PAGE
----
by Eric Stashin (aka The Rotoprofessor)
It’s easy to get excited about Jackie Bradley Jr., declaring that he has finally broken out. The overall numbers backup that stance, as he hit .267 with 26 HR, 87 RBI and 94 R, but when you dig in things start taking a little bit of a turn. First you get the split from the first half and the second half:
The power was consistent, which is promising, but the average fell off a cliff. Given the power surge the first instinct would be to think that he was swinging for the fences in order to maintain his home run total. While his strikeouts did rise (20.3% to 25.0%), there wasn’t an increase in fly balls (34.9% to 33.7%) and therefore that doesn’t appear to be the case.
He owns a Major League career 25.6% strikeout rate and even in the first half he posted a 10.4% SwStr%. It would appear that it was a natural regression and the second half mark appears to be closer to the truth.
Couple that with a significant luck regression, with his BABIP going from .342 to .274, and his first half average is hard to support. Given his consistent lack of line drives, similar to his strikeout rate, the second half regression appears to be for real:
While he may not be a .233 hitter, something in the .250ish range does appear to be a more reasonable expectation.
We also can’t ignore his platoon split:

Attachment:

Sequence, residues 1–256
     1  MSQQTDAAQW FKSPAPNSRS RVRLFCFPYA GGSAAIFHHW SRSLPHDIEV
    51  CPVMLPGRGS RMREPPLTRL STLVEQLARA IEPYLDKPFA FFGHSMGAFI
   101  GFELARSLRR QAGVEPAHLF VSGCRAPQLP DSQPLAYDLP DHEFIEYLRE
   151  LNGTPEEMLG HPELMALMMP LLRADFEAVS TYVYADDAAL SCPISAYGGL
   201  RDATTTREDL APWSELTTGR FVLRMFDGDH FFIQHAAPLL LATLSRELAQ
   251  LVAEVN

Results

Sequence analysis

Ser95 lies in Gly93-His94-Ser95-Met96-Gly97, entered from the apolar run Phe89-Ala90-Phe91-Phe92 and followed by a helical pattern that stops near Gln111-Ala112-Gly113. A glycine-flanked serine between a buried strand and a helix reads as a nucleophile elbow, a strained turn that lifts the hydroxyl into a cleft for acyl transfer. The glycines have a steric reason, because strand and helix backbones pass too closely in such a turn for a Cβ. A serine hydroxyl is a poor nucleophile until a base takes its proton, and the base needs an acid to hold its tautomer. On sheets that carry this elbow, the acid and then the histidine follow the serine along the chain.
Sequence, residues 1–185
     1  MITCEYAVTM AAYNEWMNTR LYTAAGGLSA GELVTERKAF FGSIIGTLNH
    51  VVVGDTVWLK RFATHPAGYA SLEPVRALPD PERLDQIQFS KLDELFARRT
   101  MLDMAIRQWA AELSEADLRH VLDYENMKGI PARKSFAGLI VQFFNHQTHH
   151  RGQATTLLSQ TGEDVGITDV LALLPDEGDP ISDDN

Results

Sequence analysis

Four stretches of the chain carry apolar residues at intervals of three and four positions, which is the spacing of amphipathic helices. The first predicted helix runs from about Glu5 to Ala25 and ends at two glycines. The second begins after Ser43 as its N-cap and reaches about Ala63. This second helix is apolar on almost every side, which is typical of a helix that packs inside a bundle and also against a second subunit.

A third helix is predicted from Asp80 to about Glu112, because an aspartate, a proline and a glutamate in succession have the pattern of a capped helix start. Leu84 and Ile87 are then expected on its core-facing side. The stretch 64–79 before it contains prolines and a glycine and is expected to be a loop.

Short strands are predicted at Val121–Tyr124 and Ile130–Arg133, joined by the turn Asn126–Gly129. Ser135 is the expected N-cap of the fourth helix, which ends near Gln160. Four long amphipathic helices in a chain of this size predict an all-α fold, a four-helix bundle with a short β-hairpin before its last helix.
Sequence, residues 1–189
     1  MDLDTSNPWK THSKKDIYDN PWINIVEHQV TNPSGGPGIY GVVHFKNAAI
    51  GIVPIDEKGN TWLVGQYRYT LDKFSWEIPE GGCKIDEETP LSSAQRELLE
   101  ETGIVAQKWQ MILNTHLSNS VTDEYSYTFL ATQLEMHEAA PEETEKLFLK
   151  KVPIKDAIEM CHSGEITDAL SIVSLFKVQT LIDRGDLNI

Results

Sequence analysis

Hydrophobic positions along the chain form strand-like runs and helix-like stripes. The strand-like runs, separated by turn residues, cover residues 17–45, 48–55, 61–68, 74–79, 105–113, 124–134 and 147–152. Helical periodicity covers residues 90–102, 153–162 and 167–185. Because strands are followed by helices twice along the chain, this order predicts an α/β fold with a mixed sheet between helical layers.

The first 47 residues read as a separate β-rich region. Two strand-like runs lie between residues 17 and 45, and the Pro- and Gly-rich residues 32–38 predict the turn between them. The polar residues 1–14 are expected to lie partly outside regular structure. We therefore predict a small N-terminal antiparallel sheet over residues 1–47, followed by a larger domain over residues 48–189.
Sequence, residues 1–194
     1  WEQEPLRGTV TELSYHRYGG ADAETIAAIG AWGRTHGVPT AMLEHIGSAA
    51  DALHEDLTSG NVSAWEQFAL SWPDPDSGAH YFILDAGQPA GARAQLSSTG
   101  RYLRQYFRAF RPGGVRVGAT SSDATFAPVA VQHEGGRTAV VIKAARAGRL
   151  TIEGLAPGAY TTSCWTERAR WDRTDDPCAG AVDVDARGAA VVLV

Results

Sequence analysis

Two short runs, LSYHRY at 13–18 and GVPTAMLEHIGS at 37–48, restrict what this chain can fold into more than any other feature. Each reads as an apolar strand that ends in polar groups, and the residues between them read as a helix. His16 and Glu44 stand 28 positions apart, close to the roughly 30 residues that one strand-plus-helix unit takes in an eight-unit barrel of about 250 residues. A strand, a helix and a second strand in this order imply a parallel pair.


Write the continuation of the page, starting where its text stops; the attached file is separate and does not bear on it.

The owner of a career .367 SLG against southpaws, you have to think that the Red Sox could limit his exposure to them. While he’d be on the favorable side of a platoon, the potential loss of AB is notable just the same.
Bradley should be able to produce 20+ HR, but without speed (less than 10 SB) or an expected elevated average just how valuable is he? He’s usable, but he’s not going to be the high level asset many envision him as.
Being drafted as the 33rd outfielder in NFBC drafts (average ADP of 144.85), it’s not completely unreasonable but it still is a bit of a reach (as comparison, in the January 25 release of the Rotoprofessor Draft Guide we have him as the 241st ranked player on our Top 400). There’s just too many risks and the chance of him under-performing your expectation is great.
Sources – Fangraphs, STATS
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